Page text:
Bitcoin Ownership and its Impact on Fungibility

Tatiana Cutts, a university law lecturer, examines the subject of bitcoin ownership and whether it impacts the fungibility of the digital currency.

AccessTimeIconJun 14, 2015 at 2:00 p.m. UTC
Updated Mar 6, 2023 at 3:13 p.m. UTC

Tatiana Cutts is a lecturer in law at the University of Birmingham, UK, and a doctoral researcher at the University of Oxford. Her interest in bitcoin stems from prior research into private law aspects of money and tracing. Here, in an article co-authored by David Goldstone QC, of Quadrant Chambers, she examines the subject of bitcoin ownership and whether this impacts the fungibility of the digital currency.

There is an often tacit assumption in discussions of traceability in the bitcoin sphere that bitcoins can, in some sense that is meaningful to all those who use the term, be “owned”. So, people wonder what will happen if the arms race between tracking techniques and evasion capabilities is won, even temporarily, by the tracer: won’t that impair the fungibility of bitcoins, they ask, and thus undermine the effective circulation of funds?

Legal ownership

In fact, both the assumption and conclusion require delicate treatment. To start with, it is important to note that the term “ownership” has a peculiar meaning in private law. At its heart is the idea that a limitless category of other people have an obligation to “stay away” from whatever is the subject matter of one’s claim.

If that obligation is breached, the remedy is an action in tort law. So, if you steal my chair, I can sue you, and – crucially – anyone to whom you give or sell it.

Money has a special place in law. We often focus on its status as “legal tender”, by which cash is transformed into a mechanism for final settlement. But the principles applicable to the transfer and protection of ownership of cash also differ from other physical commodities. In particular, whilst (practical matters aside) you can always sue an innocent recipient of a physical thing stolen, you cannot do so if the thing is money, and the recipient is an innocent purchaser.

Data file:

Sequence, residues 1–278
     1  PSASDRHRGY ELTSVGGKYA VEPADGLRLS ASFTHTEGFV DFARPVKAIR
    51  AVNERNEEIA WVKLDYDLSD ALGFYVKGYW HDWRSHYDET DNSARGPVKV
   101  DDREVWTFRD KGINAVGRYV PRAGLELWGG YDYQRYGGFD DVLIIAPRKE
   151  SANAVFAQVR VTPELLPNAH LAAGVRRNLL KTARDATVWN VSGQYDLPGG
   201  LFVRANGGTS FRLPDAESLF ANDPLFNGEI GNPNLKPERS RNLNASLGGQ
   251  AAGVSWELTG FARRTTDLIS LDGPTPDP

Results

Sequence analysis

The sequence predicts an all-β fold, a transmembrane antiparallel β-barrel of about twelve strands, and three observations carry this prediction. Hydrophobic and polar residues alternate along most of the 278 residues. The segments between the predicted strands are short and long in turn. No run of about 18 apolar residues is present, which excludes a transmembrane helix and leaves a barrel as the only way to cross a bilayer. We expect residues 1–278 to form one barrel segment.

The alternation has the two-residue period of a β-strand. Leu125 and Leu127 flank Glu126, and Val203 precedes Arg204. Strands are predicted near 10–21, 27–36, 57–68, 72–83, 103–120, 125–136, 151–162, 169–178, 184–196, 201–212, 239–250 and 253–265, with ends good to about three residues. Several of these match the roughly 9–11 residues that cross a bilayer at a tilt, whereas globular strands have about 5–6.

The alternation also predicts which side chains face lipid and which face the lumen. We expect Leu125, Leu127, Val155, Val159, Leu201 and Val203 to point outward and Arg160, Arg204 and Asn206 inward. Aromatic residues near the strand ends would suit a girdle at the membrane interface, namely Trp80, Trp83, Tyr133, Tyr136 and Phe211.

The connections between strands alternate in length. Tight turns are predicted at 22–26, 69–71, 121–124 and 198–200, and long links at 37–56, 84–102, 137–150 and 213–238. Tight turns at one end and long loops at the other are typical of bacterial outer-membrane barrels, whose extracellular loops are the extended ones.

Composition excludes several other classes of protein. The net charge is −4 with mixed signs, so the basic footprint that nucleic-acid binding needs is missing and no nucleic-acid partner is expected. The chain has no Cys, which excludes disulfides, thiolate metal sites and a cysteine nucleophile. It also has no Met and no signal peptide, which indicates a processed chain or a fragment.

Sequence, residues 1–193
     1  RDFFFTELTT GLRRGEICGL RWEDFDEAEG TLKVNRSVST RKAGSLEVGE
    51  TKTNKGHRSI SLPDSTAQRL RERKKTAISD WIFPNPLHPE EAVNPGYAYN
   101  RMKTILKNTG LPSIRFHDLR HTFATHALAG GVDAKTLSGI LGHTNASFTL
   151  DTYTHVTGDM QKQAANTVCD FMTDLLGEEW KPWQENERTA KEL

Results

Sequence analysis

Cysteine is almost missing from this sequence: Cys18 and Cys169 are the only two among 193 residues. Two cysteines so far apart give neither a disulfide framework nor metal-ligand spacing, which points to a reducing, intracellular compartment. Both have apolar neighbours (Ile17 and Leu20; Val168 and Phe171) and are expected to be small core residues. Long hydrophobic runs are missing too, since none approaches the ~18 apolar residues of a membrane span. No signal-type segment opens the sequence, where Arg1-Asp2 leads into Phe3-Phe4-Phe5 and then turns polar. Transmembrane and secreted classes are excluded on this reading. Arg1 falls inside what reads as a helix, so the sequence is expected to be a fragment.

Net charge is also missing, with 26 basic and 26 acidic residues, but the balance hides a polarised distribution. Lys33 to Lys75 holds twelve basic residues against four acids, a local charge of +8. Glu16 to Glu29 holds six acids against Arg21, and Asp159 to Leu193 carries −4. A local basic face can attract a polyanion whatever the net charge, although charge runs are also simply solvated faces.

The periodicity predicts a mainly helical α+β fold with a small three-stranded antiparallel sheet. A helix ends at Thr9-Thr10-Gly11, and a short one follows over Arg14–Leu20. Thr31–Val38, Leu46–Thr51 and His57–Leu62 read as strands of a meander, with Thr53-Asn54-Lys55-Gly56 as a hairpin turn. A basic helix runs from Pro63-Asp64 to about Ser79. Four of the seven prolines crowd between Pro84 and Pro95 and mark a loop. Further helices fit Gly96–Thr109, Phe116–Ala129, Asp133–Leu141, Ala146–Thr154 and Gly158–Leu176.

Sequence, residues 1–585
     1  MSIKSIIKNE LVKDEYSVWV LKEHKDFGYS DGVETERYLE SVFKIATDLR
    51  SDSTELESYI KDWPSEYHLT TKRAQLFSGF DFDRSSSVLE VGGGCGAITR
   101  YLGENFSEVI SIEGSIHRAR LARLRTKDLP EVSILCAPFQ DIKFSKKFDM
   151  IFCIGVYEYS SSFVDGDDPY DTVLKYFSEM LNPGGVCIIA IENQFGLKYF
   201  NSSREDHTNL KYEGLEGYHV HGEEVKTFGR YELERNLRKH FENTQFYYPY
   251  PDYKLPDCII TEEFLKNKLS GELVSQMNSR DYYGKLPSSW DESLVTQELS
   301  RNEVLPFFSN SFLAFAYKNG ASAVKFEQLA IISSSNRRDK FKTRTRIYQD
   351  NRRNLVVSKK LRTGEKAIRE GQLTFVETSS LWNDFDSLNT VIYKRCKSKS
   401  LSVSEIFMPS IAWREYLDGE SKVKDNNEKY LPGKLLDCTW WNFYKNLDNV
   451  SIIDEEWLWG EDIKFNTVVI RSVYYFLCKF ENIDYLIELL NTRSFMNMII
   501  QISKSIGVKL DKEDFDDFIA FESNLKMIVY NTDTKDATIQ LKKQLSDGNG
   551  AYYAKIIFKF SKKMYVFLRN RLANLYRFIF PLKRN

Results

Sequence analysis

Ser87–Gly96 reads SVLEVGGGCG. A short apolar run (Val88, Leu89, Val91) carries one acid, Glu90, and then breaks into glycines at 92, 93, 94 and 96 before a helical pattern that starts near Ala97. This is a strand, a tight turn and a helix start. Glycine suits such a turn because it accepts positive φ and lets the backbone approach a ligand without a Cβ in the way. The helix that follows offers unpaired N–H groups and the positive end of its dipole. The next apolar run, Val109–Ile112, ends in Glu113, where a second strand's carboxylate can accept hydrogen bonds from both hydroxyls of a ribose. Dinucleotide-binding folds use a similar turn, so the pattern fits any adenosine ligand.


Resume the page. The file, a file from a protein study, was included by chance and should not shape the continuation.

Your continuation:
The current possessor has the best claim. Why? Because the costs associated with figuring out whether the money is “good” or “bad” would stultify the circulation of cash. This is the second important point: it is not practical fungibility that money requires to circulate, but economic fungibility: there must be no reason for the payee to prefer the receipt of certain coins or notes over others of an equivalent nominal value.

 It is not practical fungibility that money requires to circulate, but economic fungibility.
It is not practical fungibility that money requires to circulate, but economic fungibility.


The application of property principles to the digital sphere has proven difficult, particularly in the UK. It is clear that pure information cannot be owned, because it is replicable or “inexhaustible”: if you “steal” the password for my phone, you have not removed it from me. Rather, we both now have the password, and can access the phone.

Indeed, often the purpose of creating information-media is sharing: music exists to be heard, books to be read, plays to be acted. We therefore have rules for the protection of private and public information that are independent of the law of property, and do not share its basic tenet: they are rules that manage data dissemination and protect private information, not rules that build a legal fence around particular things.